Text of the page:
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Australia's emissions projections

Australia's emissions projections 2019

This report provides detail on emissions trends, including sector specific analysis of factors driving emissions.

The projections were released in December 2019.

What are emissions projections?

Emissions projections are estimates of Australia's future greenhouse gas emissions. They provide an indicative assessment of how Australia is tracking against its emissions reduction targets. The projections provide an estimate of the abatement task associated with Australia's emissions reduction targets. This represents the total emissions that must be avoided or offset for Australia to achieve its target. If the abatement task is a negative value, this indicates Australia is on track to over-achieve on its commitments.

The projections use sector-specific models to build a robust modelling system for Australia's domestic greenhouse gas emissions. These sectors are electricity, direct combustion, transport, fugitives, industrial processes and product use, agriculture, waste, and land use, land-use change and forestry (LULUCF).

The emissions projections are prepared consistent with international guidelines adopted by the United Nations Framework Convention on Climate Change (UNFCCC).

Why undertake emissions projections?

The projections demonstrate Australia's progress towards meeting its emissions reduction targets, illustrating where emissions arise in the economy and the drivers behind long-term trends. The projections therefore form a key input into policy development and policy evaluation for the Australian government and stakeholders, quantifying the likely efficacy of emissions reduction policies and offering insights into which activities could offer future emissions reductions. Reporting Australia's emissions projections also fulfils one of Australia's reporting requirements under the UNFCCC.

What is the difference between emissions projections and emissions forecasts?

The Department regularly prepares emissions projections using the latest data including production and activity levels, commodity prices and macroeconomic assumptions. The Department makes reasonable assumptions about this data into the future based on the advice of other government agencies and external consultants. These include macroeconomic forecasts by the Australian Treasury; activity forecasts by other government agencies such as the Australian Bureau of Agricultural and Resource Economics and Sciences and the Department of Industry, Innovation and Science; forecasts by other public bodies such as the Australian Energy Market Operator; and announced investment intentions by businesses.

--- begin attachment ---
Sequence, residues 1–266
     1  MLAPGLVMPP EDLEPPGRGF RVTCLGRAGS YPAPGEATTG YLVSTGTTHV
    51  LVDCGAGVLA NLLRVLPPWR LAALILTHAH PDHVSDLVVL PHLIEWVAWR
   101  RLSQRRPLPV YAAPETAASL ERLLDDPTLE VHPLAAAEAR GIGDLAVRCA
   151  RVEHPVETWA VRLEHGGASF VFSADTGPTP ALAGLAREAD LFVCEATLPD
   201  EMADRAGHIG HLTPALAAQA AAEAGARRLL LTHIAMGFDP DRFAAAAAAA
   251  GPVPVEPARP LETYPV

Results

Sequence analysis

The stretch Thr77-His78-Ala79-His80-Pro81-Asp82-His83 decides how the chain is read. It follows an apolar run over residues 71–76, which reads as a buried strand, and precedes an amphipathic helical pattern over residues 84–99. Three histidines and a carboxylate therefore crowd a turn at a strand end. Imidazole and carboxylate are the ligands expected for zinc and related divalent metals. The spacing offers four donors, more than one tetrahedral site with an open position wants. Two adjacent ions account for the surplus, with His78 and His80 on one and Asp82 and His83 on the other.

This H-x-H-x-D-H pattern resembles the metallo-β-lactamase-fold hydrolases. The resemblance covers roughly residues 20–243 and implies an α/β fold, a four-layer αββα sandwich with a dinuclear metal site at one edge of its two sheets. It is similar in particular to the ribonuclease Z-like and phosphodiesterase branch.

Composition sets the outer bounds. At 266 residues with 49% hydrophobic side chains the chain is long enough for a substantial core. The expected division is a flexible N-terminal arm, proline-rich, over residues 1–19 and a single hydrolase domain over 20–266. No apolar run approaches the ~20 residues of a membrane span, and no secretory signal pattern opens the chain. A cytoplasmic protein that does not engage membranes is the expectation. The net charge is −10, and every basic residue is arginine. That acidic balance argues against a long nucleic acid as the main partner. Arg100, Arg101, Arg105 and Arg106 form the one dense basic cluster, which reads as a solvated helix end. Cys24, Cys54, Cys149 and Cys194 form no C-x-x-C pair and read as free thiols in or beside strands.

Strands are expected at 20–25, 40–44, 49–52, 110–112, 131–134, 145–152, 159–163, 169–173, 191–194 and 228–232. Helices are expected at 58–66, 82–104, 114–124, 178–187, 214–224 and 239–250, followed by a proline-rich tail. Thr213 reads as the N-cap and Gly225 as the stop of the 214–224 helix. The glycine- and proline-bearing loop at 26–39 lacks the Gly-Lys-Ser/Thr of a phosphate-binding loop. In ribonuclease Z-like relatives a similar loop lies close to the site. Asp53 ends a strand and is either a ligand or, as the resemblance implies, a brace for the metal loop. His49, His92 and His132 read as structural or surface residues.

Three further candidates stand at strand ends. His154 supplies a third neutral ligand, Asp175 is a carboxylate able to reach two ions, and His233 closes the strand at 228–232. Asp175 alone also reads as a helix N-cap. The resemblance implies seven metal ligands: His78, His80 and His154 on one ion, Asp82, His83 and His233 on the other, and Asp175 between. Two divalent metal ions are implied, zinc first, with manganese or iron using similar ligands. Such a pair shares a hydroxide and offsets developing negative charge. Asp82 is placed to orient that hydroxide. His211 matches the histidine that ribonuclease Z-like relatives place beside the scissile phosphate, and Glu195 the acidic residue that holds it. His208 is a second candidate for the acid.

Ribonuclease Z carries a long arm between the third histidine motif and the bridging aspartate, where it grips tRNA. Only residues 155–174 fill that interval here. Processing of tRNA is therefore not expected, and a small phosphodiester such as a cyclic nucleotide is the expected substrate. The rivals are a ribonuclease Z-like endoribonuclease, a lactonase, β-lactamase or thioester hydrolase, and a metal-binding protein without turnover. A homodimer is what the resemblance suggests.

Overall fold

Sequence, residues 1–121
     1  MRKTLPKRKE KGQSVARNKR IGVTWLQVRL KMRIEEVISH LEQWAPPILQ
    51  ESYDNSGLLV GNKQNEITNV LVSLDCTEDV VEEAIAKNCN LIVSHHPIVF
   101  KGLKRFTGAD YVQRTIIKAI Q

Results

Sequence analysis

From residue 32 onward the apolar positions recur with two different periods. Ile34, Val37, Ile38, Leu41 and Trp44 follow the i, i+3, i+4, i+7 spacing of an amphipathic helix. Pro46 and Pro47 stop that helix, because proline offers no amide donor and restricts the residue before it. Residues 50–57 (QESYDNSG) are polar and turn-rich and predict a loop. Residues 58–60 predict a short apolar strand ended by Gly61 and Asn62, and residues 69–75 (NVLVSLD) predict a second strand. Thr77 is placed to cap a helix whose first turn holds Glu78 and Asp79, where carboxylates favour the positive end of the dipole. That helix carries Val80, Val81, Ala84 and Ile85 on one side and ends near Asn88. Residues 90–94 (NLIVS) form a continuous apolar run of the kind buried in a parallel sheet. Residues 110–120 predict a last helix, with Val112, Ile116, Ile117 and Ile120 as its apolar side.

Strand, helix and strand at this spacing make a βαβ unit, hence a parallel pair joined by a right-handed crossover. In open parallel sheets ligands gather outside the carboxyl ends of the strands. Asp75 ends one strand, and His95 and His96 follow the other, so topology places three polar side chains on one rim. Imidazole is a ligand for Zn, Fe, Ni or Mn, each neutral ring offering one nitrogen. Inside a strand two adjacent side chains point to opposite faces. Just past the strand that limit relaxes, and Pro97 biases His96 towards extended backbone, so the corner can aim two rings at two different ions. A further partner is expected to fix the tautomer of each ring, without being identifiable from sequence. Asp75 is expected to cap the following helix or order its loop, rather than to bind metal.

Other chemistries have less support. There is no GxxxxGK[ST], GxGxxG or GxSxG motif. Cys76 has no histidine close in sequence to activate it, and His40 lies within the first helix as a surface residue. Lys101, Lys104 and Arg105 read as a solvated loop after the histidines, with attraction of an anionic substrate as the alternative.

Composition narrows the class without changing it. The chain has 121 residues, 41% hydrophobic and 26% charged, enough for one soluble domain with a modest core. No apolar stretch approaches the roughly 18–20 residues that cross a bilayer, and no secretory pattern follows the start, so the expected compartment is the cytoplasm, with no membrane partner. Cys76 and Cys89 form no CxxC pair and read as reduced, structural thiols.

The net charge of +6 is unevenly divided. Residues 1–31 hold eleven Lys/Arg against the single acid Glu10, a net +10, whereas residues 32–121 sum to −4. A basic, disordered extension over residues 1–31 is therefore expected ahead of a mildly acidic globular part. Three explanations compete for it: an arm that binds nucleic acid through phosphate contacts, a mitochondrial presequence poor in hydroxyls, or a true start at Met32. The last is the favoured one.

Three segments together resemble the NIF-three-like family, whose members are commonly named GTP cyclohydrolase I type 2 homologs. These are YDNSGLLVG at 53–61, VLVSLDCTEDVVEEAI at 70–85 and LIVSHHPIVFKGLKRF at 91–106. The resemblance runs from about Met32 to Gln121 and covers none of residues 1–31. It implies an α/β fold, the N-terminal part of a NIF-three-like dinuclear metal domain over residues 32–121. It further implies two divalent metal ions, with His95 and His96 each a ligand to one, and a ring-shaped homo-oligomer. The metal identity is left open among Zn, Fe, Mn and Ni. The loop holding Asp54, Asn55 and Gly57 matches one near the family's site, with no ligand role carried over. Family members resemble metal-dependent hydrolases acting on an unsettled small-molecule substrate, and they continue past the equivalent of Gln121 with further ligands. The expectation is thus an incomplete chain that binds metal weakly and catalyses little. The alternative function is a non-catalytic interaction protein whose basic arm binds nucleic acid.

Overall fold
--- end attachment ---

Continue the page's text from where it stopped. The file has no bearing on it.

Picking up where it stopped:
The projections are modelled taking this data into account and indicate what Australia's future emissions could be if the assumptions that underpin the projections continue to occur. For example, the projections presume that assumptions around the current rates of economic and population growth, the take up of certain technologies and the impacts of current government policies will remain valid. The projections do not attempt to account for the inevitable, but as yet unknown, changes that will occur in technology, energy demand and supply and the international and domestic economy.

In contrast, emissions forecasts speculate on the expectations or predictions of what will happen in the future and thus what future emissions will be. In a forecast the assumptions represent expectations of actual future events or changes. For example, this could mean forecasting emissions based on alternative predictions of how technology may evolve, how consumers and businesses will react to these technological changes and subsequently what impacts this would have on emissions. Alternatively this could mean forecasting emissions based on expectations about restructures in the Australian economy. Often a number of different scenarios that reflect different forecast assumptions are undertaken at the same time.

Both projections and forecasts are inherently uncertain, involving judgements about the future growth path of global and domestic economies, policies and measures, technological innovation and human behaviour. This uncertainty increases the further into the future emissions are projected (or forecast).

The distinction between forecasts and projections can also be seen in the Treasury's economic estimates underlying Australian Government fiscal projections. The estimates divide the forecast horizon into two distinct periods: the near-term forecast period which covers the first two years beyond the current financial year; and the longer-term projection period which includes the last two years of the forward estimates, and up to 36 more years for intergenerational analysis. The economic estimates over the forecast period are based on a range of short-run forecasting methodologies, while those over the projection period are based on medium- to long-run rules.

Further information